Which Enzymes are Responsible for the Biodegradation of Noladin Ether?

Which enzymes degrade the CB1-specific endogenous cannabinoid 2-arachidonyl glyceryl ether? (Noladin ether)
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1answer
55 views

Which Enzymes are Responsible for the Biodegradation of Beta-endorphin?

Which enzymes are responsible for the biodegradation of the endogenous opioid peptide, beta-endorphin?
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1answer
107 views

Good place to ask health based questions? [closed]

I like the development of biology.stackexchange.com, but it is still in an early stage and far from perfection. While we develop it further, could you guys help me finding places to ask questions ...
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2answers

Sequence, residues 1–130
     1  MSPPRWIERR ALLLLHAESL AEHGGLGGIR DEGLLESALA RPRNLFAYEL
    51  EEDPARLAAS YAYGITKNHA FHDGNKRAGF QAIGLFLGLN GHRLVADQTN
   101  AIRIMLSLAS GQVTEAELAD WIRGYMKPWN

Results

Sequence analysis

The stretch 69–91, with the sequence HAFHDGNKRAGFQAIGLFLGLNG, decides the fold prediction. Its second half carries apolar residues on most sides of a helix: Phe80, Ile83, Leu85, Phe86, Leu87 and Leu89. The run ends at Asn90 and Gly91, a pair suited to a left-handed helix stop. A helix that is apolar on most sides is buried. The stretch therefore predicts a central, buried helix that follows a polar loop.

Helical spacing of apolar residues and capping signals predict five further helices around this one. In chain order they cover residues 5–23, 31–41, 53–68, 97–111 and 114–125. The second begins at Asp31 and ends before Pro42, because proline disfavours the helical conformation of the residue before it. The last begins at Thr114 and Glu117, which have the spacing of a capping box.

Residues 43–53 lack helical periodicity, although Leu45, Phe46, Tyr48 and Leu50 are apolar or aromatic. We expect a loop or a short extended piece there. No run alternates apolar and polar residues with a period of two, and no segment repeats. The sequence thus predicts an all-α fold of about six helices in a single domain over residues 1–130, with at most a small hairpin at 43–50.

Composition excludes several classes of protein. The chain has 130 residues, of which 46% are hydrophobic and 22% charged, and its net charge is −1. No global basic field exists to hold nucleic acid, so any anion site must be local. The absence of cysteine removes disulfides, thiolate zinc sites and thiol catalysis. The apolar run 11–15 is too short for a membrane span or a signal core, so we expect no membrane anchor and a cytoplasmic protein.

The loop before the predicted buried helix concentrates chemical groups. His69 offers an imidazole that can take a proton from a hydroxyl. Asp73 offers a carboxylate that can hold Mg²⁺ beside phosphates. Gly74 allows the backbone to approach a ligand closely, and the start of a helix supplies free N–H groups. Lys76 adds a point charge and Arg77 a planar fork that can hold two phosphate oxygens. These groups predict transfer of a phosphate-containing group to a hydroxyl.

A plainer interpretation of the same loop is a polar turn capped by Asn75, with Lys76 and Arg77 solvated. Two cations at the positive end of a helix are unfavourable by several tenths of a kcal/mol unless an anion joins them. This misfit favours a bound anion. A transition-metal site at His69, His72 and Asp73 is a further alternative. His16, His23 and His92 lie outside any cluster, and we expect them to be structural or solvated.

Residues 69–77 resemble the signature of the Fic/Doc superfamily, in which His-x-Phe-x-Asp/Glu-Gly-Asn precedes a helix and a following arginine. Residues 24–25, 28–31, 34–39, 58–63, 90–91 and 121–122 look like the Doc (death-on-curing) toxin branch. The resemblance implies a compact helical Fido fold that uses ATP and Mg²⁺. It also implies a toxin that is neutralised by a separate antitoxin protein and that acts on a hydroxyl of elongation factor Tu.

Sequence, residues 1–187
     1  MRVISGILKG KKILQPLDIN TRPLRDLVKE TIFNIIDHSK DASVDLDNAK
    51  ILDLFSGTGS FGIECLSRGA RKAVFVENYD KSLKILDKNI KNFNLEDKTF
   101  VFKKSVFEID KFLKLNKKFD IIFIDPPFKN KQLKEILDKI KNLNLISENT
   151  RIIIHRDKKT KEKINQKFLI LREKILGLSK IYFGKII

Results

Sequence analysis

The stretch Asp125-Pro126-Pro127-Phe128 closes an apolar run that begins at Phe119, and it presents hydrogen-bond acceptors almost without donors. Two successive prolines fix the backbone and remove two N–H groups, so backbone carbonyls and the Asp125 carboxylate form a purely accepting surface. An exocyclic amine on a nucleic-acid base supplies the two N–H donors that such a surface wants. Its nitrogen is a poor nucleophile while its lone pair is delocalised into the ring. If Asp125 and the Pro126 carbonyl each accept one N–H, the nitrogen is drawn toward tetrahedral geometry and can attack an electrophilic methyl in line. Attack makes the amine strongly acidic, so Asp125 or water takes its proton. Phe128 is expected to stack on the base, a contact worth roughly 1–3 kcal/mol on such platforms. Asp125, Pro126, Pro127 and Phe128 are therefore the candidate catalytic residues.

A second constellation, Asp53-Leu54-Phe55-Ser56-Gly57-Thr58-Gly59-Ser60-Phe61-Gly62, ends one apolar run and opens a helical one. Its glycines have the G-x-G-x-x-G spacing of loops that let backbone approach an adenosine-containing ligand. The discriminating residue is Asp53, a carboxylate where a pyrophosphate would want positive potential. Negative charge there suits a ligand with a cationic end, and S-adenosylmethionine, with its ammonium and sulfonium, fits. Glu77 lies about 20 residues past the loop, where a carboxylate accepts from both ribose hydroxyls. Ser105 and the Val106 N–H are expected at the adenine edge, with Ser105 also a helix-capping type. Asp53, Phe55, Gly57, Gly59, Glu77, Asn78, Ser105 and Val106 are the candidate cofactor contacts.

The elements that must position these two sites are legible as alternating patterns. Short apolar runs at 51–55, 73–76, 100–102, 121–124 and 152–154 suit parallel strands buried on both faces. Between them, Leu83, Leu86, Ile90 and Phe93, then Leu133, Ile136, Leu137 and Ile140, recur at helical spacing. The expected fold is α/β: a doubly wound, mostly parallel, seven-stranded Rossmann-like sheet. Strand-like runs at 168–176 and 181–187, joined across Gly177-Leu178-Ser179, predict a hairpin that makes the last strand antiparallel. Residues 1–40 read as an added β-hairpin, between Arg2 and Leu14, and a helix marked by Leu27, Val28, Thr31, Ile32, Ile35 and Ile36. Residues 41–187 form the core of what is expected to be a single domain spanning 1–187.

1k views

Bacterial cell lysis - what solution to use?

I am trying to determine how quickly detergents act on bacterial cells (cell lysis). I would like to compare some detergents at difference concentrations for bacteriolytic activity. I don’t care about ...
10
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1answer
167 views

Why does getting certain chemicals in cuts hurt?

More specifically, shampoo. What are the mechanics of detecting a noxious chemical stimulus in terms of which receptors recognise what, how do they do it, and how is this information relayed to the ...
3
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1answer
155 views

Can compounds be predicted from Polyketide synthases gene clusters?

I've seen a few talks on the subject. From a gene cluster, there is some decent ability to determine which domains contribute to certain functional groups in the final metabolites. It sounds like this ...
10
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1answer
113 views

When running a gel, what could cause a standard to run “faster” than usual?

We are running a gel on the products of a restriction digest to determine the size of an insert. We know the vector backbone size should be ~2.9kb; however, the standard appears to be running too ...